Maher Ashram – where destitute gets identity

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By Devina Karnik

Located in historic Vadhu Budruk village in Pune district’s Shirur taluka, off Ahmednagar highway about 30 km from Pune city, ‘Maher Ashram’, helps destitute women, children and men and gives them the opportunity to rebuild their lives. The founder of this ashram, Sister Lucy Kurien is a true inspiration and a pillar of strength in our society.

Let’s find out what inspired Sister Lucy to establish this ashram, this is her story:-

Sister Lucy Kurien was born on in 1955 at Kolayad in Kannur district of Kerala. Following some years of formal education, she migrated to Mumbai in 1969 only to be deeply moved and distressed at that tender age by the appalling poverty and squalor in the city. It was natural that she felt a deep inner urge to do something that would make a difference to the life of the poor and famished around her. That led her to decide to join a religious order: the Sisters of the Cross. It was a tough decision since it meant giving up the bliss of independent and free life. But that decision she did take and joined the order in 1980. After 4 years of training, she was professed to the order.

Sr. Lucy joined in 1989 HOPE (Human Organisation for Pioneering in Education) which helped marginalized women to gain modest employment and was founded by one of her own colleagues at the Sisters of the Cross. However, she could no longer be content with sheltered existence at the HOPE and be a silent spectator to horrific violence and abuse against women to which she was witness. A traumatic incident resulting in the death of a pregnant woman and her unborn child at the hands of her drunken husband set the final stage and Sister Lucy decided to devote her life from that moment on exclusively to the cause of battered and destitute women. Thus was born Maher in 1997, today a home for 300 women, 42 men and around 850 children.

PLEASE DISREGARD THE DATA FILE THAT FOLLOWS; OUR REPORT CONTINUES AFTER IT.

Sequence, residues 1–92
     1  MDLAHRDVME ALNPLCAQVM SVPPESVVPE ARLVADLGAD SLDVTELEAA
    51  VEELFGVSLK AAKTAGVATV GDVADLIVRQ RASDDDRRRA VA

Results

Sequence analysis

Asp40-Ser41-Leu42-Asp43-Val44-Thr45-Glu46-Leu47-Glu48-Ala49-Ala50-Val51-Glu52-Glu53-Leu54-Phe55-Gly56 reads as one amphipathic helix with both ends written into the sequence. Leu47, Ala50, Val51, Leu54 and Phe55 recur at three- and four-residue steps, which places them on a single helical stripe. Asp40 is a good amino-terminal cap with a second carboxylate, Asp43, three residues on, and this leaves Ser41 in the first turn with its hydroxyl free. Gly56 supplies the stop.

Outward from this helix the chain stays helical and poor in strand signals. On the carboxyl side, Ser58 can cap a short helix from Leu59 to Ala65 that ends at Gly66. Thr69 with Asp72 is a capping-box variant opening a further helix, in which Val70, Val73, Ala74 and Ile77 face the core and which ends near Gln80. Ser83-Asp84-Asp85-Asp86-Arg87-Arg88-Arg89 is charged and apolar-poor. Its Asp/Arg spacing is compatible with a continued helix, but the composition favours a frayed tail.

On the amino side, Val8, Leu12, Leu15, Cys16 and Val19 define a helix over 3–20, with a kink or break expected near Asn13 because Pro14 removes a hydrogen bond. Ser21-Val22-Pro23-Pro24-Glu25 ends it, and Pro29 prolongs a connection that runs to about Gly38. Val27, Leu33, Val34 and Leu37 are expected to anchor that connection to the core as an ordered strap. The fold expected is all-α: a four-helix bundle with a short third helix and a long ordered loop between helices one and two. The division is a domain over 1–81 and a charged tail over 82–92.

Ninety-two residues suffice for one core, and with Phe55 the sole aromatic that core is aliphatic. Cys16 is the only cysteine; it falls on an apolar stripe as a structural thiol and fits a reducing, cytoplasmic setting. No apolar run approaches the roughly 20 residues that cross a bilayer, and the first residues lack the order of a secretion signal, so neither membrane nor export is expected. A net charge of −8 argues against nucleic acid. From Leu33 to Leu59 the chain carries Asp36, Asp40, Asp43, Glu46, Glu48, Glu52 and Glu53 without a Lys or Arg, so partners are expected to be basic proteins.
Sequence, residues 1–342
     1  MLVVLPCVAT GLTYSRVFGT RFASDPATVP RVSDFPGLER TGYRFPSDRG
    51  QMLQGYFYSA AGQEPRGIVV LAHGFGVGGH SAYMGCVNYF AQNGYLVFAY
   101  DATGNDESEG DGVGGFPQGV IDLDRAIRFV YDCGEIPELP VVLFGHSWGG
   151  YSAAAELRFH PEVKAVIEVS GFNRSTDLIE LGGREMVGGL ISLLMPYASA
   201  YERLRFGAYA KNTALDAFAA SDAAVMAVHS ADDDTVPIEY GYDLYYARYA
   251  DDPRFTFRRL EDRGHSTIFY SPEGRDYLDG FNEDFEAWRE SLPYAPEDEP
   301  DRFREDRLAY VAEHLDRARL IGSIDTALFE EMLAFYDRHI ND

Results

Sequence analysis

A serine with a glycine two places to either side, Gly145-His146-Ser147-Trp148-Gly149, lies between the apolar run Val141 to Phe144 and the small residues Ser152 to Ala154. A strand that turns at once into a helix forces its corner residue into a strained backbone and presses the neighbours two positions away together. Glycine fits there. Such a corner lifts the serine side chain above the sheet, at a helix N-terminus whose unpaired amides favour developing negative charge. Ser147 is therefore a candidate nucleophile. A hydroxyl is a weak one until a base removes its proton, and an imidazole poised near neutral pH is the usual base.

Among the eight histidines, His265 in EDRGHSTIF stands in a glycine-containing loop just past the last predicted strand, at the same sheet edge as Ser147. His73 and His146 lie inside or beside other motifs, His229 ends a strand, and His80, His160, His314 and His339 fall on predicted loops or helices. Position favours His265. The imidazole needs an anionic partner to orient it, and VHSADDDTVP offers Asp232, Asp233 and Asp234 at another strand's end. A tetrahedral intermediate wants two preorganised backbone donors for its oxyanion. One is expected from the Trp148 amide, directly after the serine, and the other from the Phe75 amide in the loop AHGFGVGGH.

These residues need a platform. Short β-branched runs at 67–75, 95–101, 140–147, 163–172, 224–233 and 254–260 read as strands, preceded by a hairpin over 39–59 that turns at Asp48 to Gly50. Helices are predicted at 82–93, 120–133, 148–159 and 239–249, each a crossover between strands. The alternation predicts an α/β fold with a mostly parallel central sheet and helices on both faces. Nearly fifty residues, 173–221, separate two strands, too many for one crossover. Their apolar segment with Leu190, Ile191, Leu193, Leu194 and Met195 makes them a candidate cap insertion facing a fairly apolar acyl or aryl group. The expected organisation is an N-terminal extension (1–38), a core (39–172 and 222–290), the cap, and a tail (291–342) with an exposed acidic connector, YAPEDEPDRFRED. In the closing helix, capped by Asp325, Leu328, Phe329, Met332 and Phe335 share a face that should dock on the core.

Sister Lucy started Maher activities in Vadhu Budruk near Bhima Koregaon on Pune-Ahmednagar highway. Her untiring dedication however soon led to the expansion of the Maheractivities to the nearby areas. These include a range of villages in Shirur, Haveli and Khed talukas as also the city of Ratnagiri in coastal region of Maharashtra. Beyond Maharashtra,Maher has established homes for women and children in Kerala and Jharkhand as well. TodayMaher reaches the life of the poorest of the poor through as many as 23 different projects and as many homes for the destitute children. Maher shelters women, men and children of all ages.

While a devoted Catholic Christian, Sister Lucy has an unshakable faith in confluence of religions of the world in attaining human well-being. She established Maher as an inter-faith organization which seeks the help and blessing of all religions and faiths in its work for the weak and poor around.

She is a recipient of several awards of national and international and has received worldwide recognition for her work. She received Global Women’s Summits 2011 Leadership Award, USA.

The work of Maher has been recently chronicled in detail by two American authors – William Keepin and Cynthia Brix- in their book, Women Healing Women.

Maher has 552 Self Help groups.

Sister Lucy’s dreams are not over. She has many a project in mind for the future of India.  Her dreams are many and she plans to open homes for women and children in every state of the country. At the same time she dreams of a Maher-free India.

We salute Sister Lucy and wish her all the luck for Maher Ashram’s upcoming projects and that these projects succeed in achieving their desired goals.

(Devina Karnik is a student of Fergusson College, Pune)